Meet The Brave One
Bahadur (The Brave One) is the first Indian comic book Super Hero created by Aabid Surti in the year 1976. Incidentally Bahadur appeared on the scene when dacoit menace was at its worst in north India. So the focus of most of the earlier stories is on this problem.
Bahadur himself was the son of a ferocious bandit called Bhairav Singh who died in an encounter with a police officer called Vishal. Our Bahadur, then a young boy, was groomed by his widowed mother, who kept on poisoning his mind to take revenge of his father’s death- kill Vishal the SP who had shot dead his great father.
When Bahadur became mature, patiently Vishal made him realize that a cold blooded murderer, ruthless brute his father was.
Upon growing up, Bahadur set up CSF (Citizen's Security Force) to defend his village and also help the men in uniform to track down criminals hiding in Chambal ravines. Though Bahadur dealt sternly with outlaws, he had a soft corner for those who wanted to come back to society and live peacefully as proud citizens of the soil. One of his right hand man, Lakhan was a reformed bandit. After surrendering to the law, he started helping Bahadur in curbing crime.
National Award-winning author Aabid Surti has won critical acclaim for multiple creative talents. As an author his output has been prolific. He has written around 80 books till date, which have been translated into almost every Indian language. As a screen writer he has been associated with internationally known directors like Raj Khosla and Raj Kapoor on film projects and as a playwright, he has penned 7 plays. Radhe Radhe Hum Sub Aadhe is one of his most successful play of 1980 and still going strong in other metropolis. In 1971 The Films Division (Government of India), commissioned a short film titled ABID to showcase his creative work. As a cartoonist, he created the lovable simpleton Dhabbuji. This highly original and the most popular cartoon strip of an uncommon man was published without a break in the The Times of India's Hindi periodical Dharmayug and still going strong in comic form.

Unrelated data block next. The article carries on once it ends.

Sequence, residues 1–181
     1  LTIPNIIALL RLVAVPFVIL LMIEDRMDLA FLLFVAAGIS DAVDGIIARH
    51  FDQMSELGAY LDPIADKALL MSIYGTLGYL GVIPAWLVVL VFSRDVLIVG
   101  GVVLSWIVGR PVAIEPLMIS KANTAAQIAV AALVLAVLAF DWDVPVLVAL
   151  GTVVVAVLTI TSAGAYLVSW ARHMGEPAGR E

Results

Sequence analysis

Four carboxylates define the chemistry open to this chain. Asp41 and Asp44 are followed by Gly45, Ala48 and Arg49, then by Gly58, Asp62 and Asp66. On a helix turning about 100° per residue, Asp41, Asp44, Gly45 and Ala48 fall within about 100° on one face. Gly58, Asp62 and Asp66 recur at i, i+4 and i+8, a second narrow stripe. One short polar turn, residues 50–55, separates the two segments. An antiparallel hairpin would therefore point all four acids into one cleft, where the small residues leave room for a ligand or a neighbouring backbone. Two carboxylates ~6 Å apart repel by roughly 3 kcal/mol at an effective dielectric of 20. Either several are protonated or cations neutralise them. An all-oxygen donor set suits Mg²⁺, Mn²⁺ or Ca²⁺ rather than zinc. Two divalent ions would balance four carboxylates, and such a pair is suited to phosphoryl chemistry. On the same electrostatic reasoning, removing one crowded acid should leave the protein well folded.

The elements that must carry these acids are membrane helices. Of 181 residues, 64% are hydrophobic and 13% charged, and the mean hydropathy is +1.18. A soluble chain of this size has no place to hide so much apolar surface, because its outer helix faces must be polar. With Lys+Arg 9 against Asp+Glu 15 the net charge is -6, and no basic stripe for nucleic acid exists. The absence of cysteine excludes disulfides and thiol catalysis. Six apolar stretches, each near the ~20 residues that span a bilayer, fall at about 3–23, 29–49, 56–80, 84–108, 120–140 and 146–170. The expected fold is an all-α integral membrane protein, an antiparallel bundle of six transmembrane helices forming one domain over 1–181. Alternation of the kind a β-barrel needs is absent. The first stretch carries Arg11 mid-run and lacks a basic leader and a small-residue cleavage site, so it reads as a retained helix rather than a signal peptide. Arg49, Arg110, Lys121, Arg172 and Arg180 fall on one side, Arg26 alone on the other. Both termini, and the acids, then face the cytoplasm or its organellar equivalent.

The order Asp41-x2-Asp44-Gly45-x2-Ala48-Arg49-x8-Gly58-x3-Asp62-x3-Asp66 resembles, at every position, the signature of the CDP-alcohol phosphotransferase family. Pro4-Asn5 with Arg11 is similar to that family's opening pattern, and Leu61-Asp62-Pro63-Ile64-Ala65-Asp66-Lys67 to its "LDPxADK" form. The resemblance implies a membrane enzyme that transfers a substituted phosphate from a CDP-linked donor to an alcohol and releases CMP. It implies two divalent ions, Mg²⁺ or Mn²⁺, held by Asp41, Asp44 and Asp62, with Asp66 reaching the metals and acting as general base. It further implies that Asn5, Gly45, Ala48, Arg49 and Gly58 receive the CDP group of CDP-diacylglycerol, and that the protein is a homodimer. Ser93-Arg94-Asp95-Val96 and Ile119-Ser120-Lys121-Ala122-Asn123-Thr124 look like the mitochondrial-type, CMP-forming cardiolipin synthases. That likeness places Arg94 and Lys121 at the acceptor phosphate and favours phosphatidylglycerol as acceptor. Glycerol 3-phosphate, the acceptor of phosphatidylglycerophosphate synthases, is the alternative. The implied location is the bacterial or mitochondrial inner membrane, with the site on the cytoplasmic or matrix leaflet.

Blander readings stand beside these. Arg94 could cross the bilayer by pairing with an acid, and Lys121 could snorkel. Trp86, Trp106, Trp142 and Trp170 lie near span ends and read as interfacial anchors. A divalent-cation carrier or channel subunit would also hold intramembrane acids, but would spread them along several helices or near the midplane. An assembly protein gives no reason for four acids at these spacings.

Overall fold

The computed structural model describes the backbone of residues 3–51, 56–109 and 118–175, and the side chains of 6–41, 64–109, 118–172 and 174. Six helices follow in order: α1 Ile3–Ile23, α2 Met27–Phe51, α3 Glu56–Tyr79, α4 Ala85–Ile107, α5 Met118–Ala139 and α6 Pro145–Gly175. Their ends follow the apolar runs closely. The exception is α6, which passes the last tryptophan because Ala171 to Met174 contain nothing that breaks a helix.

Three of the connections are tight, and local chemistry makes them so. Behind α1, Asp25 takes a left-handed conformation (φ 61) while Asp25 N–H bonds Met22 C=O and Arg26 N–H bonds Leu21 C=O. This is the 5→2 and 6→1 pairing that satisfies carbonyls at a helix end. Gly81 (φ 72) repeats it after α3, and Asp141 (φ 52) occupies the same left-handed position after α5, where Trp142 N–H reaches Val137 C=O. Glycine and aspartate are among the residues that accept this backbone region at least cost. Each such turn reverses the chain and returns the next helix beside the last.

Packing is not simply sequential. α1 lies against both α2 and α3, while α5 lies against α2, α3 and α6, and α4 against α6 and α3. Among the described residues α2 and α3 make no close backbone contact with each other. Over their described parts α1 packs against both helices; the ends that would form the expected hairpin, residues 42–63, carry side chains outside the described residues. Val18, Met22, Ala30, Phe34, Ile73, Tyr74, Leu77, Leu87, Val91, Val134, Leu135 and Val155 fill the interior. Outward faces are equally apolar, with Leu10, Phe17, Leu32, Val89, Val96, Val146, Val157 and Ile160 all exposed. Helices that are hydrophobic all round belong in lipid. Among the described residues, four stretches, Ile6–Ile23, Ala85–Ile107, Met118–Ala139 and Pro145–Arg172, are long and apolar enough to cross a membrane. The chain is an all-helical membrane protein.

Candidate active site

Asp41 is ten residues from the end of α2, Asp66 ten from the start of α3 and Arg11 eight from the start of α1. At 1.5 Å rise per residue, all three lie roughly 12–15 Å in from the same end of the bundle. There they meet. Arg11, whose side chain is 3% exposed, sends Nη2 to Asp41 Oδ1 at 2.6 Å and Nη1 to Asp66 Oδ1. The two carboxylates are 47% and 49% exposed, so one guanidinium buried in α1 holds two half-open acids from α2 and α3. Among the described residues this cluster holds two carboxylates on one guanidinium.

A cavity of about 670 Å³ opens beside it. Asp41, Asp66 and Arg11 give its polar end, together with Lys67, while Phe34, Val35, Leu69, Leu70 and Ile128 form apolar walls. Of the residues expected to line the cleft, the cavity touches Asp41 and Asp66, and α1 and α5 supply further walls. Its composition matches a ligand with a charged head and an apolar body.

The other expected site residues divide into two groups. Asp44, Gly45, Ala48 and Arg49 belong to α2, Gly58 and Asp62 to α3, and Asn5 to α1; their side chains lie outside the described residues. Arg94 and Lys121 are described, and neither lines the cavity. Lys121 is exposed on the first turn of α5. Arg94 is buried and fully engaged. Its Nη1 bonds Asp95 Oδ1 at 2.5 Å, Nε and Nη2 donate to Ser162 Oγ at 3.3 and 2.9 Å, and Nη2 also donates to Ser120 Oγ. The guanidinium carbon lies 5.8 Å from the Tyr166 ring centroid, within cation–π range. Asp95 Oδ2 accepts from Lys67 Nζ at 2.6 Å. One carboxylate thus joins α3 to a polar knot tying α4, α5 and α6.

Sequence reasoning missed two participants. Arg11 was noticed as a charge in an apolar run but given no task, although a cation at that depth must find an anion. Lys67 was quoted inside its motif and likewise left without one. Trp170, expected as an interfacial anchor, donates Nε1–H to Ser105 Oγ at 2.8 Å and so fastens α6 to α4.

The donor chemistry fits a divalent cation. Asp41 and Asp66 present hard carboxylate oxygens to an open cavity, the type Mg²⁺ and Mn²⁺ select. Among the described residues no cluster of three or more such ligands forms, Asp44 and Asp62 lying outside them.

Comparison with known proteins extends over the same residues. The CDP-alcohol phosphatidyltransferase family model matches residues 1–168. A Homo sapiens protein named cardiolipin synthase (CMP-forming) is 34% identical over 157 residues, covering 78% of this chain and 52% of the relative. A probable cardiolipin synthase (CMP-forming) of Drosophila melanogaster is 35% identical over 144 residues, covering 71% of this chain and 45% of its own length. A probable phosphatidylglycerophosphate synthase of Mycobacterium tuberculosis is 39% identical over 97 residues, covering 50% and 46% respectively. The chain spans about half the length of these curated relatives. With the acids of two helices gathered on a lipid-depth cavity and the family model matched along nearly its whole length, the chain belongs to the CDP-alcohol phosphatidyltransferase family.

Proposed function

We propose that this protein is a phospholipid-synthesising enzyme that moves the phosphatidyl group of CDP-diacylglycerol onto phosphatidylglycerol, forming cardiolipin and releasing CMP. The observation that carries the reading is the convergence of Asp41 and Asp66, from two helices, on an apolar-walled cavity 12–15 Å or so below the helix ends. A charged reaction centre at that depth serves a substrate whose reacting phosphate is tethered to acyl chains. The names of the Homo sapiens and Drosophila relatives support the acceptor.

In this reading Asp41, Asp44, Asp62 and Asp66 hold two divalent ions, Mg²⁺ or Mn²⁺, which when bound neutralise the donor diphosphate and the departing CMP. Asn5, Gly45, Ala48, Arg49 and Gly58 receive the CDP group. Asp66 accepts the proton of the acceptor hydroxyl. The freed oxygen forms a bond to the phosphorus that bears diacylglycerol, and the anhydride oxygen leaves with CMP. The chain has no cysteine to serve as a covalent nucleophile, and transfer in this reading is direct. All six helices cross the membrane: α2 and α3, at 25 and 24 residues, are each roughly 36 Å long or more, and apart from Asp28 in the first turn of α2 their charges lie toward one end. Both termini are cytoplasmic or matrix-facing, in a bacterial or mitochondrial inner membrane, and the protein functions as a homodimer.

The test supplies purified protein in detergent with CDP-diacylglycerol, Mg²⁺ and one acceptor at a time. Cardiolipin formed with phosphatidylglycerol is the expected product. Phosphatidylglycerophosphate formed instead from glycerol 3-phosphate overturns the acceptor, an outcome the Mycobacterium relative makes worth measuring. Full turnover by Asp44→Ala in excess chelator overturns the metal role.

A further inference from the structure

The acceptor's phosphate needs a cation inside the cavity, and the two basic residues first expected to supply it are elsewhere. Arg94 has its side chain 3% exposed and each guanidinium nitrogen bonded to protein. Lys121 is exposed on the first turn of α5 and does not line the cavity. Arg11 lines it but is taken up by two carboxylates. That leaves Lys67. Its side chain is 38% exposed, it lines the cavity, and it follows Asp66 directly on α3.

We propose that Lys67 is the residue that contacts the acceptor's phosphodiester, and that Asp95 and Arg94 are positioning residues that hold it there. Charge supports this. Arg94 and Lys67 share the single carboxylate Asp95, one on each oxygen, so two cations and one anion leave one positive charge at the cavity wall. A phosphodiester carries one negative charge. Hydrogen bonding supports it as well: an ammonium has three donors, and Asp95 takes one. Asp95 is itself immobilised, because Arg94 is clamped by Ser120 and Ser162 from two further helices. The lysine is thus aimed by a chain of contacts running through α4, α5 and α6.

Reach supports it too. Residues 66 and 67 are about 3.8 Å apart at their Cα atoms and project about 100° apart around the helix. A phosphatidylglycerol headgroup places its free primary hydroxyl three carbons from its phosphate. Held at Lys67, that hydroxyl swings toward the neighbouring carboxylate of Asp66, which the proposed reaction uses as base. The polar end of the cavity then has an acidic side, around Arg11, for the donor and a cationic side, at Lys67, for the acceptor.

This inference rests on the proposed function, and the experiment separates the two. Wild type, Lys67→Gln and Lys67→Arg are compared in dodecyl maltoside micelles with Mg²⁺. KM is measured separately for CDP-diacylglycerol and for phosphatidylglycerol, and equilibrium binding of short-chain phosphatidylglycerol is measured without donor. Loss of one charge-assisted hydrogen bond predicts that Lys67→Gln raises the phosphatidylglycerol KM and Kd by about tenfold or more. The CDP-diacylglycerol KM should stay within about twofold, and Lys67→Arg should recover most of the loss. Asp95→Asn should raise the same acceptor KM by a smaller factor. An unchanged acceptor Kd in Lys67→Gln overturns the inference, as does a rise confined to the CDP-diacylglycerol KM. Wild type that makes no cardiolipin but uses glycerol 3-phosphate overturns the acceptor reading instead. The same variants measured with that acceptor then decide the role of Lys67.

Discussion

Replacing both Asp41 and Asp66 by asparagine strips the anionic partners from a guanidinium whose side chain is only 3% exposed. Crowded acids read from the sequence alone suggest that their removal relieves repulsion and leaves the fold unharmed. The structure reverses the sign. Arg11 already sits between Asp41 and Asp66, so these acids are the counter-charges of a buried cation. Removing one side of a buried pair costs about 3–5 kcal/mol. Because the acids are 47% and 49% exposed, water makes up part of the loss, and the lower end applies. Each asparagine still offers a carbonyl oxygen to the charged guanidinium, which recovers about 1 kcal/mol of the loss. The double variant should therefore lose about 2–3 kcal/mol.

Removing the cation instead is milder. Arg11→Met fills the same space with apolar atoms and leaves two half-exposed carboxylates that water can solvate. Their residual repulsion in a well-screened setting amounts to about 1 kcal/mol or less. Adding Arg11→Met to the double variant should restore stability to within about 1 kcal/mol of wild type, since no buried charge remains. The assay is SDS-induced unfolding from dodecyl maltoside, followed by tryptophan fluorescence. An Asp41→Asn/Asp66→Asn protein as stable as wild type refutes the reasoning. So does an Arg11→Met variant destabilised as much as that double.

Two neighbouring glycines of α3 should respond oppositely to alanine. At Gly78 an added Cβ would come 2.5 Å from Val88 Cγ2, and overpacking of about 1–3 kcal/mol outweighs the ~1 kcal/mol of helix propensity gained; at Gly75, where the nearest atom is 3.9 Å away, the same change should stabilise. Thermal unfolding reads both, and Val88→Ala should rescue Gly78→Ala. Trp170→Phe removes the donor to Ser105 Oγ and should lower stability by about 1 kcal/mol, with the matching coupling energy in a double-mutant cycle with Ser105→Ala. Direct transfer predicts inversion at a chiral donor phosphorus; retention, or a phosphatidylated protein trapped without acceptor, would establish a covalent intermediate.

As the illustrator of the first Indian comic book super hero ‘Bahadur,’ Govind Brahmania will always be remembered by all his fans around the world. ‘Govindji’ as his colleagues and friends used to address him, started kala yatra, art journey right from the childhood. He graduated from Sir J.J. School of Arts in 1964. Though a shy and humble person, his talent couldn't remain unnoticed for long. His first job was at Indrajaal Comics Department of The Times of India (Mumbai) as an illustrator. Destiny brought Aabid and Govind together to create history in the comic indutry.
Living up to cultured family’s high traditions in art is not an easy task. Pramod Brahmania, the son of Late Sri Govind Brahmania, was born in a family of eminent advertising professionals and illustrators. Naturally it took him quite some time to carve out a niche for himself in the creative field, specially drawing and illustrating books and comics. His work was so dynamic that he was invited to join renown advertising agency of Mumbai even before he could complete his graduation from Sir J.J Institute of Applied Arts. In brief he was a born artist.